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Why would the Chicago police allegedly hand the keys to a man high on marijuana and intoxicated at three times the legal limit of alcohol, with a child in the back seat? And why would the man accept the keys and drive away?
It is a puzzling, tragic case that has left far more questions than answers. Forty-five minutes after Cecil Conner, 22, drove away from police, he reportedly hit several trees and Michael Langford Jr., a 5 year old child, was killed. Conner was arrested and charged with four counts of aggravated driving while intoxicated. The case has sparked outrage and lawsuits against the police.
It all began earlier that evening when 23 year old mother Kathie LaFond, her 5 year-old child and boyfriend Cecil Conner were driving home from a party in Conner's red 1998 Chevy Cavalier.
According to CBS 2, LaFond was pulled over for making an improper turn without a signal. When the police ran her information, they found that she was driving on a suspended license and arrested her. A second year police officer, who according to police was unaware that Conner was highly intoxicated, allegedly handed Conner the keys and allowed him to drive away from the scene. Apparently Conner did not volunteer any information about his intoxication and police said he "didn't seem drunk." According to the suit, LaFond told the officer she was the designated driver, but the officer still ordered Conner to drive away.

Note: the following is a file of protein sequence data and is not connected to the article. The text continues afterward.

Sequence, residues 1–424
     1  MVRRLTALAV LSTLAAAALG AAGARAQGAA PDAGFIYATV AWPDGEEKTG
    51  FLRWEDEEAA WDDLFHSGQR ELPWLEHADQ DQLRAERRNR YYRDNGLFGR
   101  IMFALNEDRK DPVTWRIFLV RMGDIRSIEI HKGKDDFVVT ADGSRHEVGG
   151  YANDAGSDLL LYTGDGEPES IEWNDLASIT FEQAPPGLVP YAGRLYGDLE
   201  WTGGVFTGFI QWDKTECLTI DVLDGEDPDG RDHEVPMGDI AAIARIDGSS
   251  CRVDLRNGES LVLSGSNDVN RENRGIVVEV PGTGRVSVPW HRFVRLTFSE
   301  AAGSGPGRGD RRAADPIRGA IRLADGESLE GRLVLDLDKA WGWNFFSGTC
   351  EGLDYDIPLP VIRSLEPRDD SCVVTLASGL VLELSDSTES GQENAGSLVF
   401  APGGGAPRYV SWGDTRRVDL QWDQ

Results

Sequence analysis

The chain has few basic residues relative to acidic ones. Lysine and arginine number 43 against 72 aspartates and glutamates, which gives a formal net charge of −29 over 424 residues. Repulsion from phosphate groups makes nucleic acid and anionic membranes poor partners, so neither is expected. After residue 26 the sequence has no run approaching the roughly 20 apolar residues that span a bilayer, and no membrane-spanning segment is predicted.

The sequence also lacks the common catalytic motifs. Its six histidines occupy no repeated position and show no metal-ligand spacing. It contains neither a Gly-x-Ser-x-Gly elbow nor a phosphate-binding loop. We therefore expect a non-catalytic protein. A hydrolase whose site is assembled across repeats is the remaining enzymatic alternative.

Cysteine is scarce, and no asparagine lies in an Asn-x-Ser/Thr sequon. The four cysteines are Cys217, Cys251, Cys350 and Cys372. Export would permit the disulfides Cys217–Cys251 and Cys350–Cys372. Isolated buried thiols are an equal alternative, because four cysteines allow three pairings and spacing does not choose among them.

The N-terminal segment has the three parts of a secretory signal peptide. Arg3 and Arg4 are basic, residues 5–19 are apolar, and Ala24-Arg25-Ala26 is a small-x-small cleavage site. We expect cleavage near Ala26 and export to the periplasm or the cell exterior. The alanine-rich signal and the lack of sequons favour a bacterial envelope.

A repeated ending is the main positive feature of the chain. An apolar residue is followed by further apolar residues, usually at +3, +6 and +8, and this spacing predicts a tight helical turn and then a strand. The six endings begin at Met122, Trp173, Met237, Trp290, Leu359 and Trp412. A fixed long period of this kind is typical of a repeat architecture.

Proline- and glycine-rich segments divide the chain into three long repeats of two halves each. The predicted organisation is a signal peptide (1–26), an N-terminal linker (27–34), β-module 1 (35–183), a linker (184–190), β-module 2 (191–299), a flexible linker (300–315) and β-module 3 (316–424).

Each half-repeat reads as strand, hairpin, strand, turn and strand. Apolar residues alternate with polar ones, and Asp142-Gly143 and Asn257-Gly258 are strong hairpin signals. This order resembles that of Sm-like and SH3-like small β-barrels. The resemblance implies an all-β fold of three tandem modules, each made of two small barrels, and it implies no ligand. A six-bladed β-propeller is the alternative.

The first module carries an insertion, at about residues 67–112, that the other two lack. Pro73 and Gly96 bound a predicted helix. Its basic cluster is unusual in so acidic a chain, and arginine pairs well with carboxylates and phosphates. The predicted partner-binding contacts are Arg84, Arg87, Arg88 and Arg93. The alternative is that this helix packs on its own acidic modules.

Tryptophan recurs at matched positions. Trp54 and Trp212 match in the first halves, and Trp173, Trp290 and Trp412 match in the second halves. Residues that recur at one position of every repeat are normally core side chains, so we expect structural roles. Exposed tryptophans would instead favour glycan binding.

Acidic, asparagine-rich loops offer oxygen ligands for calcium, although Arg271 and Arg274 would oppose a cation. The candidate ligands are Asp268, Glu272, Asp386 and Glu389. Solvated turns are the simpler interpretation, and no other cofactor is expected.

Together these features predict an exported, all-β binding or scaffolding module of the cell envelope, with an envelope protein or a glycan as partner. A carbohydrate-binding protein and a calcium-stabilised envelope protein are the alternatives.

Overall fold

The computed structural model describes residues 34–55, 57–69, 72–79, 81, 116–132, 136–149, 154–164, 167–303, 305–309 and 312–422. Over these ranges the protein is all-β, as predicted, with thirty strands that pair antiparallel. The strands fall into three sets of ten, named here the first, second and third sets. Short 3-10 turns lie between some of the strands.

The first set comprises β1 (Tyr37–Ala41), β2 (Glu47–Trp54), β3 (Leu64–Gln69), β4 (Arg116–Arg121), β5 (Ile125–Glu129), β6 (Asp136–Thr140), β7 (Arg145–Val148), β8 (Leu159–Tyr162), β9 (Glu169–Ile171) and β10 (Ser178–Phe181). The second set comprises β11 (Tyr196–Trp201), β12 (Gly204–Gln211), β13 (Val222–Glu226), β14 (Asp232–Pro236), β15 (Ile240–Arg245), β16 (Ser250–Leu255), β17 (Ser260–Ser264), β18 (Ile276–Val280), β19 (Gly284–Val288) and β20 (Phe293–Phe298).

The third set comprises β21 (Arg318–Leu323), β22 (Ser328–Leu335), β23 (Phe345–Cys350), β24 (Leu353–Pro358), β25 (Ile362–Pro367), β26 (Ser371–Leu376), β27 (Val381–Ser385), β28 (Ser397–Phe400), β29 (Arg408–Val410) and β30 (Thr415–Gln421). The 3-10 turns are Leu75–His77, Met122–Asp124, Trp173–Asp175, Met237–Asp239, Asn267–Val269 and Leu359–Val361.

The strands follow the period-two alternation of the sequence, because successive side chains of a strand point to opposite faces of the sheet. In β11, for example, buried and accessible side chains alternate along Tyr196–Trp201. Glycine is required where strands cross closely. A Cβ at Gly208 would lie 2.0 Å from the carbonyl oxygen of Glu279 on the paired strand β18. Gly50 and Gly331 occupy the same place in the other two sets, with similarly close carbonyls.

Less than an hour later, the car violently crashed into several evergreen trees and the child was dead.
Now the family of the child is preparing to file two separate wrongful death suits against the Chicago Heights Police Dept. "The Chicago Heights cop should be in there too," Tim Roop, a cousin of Conner said. "This is half his blame." But Will County State's Attorney James Glasgow adamantly disagreed. "Certainly there's no mitigation for an individual who knows their condition and remains silent, taking advantage of bad judgment by someone else," Glasgow said. "If that's going to be an argument, it's going to go nowhere."
A wrongful death claim typically requires proving a negligent, reckless or intentional act by another party. According to the Chicago Tribune, the family has potential claims against both Conner and the police, though in their statements, it seems that they are focusing on the police for removing a sober driver from behind the wheel and replacing her with a drunk one.